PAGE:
Chess Journal, 1886 (1st Pleisoi Tourney)

problems with multiple #1 (1 pr. for the most mates)
problems with multiple #2 (1 pr. for the most mates)
problems with multiple #3 (1 pr. for the most mates)
In section A, competing problems were required to have more mates than prb. 1528 (which had 47 mates). In section C (and presumably also section B) all solutions must have different key moves.
O. A. Brownson
(no closing date stated)
pr. C. A. Brownson
pr. K. M. Ohman
pr. ??? (no award announced)
sp. pr. H. F. L. Meyer (see notes)
Chess Journal
i. 92 (Oct., 1886), p. 13-16: a letter on counting promotion mates in pleisoi problems by K. M. Ohman.
i. 92 (Oct., 1886), p. 25-26: awards for section A and B
i. 95 (Jan., 1887), p. 38: sp. prize for section C.

This is more of a mini-tourney, as the first closing date is within one month after the announcement. A possibly significant difference with other tourneys is that there is no mention of entry fee.

Problem 1528, mentioned in the announcement, was published on the title page of the same issue: Chess Journal, i. 90 (Aug., 1886), p. [1], prb. 1528 by H. F. L. Meyer.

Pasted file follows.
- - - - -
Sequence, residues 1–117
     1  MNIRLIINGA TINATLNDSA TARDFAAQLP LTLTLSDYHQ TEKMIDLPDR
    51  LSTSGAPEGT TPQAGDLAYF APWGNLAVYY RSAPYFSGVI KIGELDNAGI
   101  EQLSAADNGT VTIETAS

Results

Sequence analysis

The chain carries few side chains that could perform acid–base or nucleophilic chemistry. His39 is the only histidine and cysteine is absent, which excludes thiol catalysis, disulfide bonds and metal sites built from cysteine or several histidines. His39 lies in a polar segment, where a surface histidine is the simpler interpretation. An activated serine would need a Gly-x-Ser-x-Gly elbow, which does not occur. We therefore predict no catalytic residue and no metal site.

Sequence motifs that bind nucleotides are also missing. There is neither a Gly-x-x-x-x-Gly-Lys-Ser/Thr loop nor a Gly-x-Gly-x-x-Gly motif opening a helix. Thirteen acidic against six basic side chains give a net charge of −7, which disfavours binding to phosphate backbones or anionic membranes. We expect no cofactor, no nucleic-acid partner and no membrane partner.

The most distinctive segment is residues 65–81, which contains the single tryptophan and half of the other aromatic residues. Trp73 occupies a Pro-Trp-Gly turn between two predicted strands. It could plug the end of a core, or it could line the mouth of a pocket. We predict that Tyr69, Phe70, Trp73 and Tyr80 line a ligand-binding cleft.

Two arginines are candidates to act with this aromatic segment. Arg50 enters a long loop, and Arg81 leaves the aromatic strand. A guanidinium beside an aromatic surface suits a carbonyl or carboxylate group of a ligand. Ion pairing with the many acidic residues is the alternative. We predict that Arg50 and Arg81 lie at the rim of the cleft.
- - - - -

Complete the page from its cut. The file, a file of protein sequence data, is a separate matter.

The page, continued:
As the #1 pr. winner has the same number of key moves as prb. 1528, it does not strictly fulfill the requirement of having 'more mates'.

Together with the prize awards, a clarification was made: Our intention as to the one move more ways to mate than Meyer's 1528, was according to the rules under which it and Ordinary chess problems are constructed. See Rules pages 32 and 33 Journal No. 91; ... . This clarification probably refer to use of promoted pieces in some of the contributed problems.

While a prize was announced for #3 problems, no such prize appears to have been published. (There is an award for a #3 in Dec., 1886, p. 32, but as it is presented as an 'October Prize', and without any explicit reference to this tourney, it has not been included.)

In January, 1887 a special prize was awarded to H. F. L. Meyer, whose #3 had not arrived in time. The editor noted in Nov., 1886 that in the future two weeks extra will be be allowed for entries from Europe. Although Chess Journal described it as a Class II pleisoi, it was judged as a Class I problem.

An improvement to the #1 pr. problem was printed in Nov., 1886, p. 18. By adding a wQa8, the number of mates was increased to 53.

An earlier counterpart to section A can be found in the Illustrirte Zeitung, 1859 tourney, where the goal of showing the most mates in #1 is also present.


Section A: #1

Prize: Charles A. Brownson

#1 (how many?)

Section B: #2

Prize: K. M. Ohman

#2 (how many?)

Section C: #2

Special Prize: H. F. L. Meyer

#3 (how many?)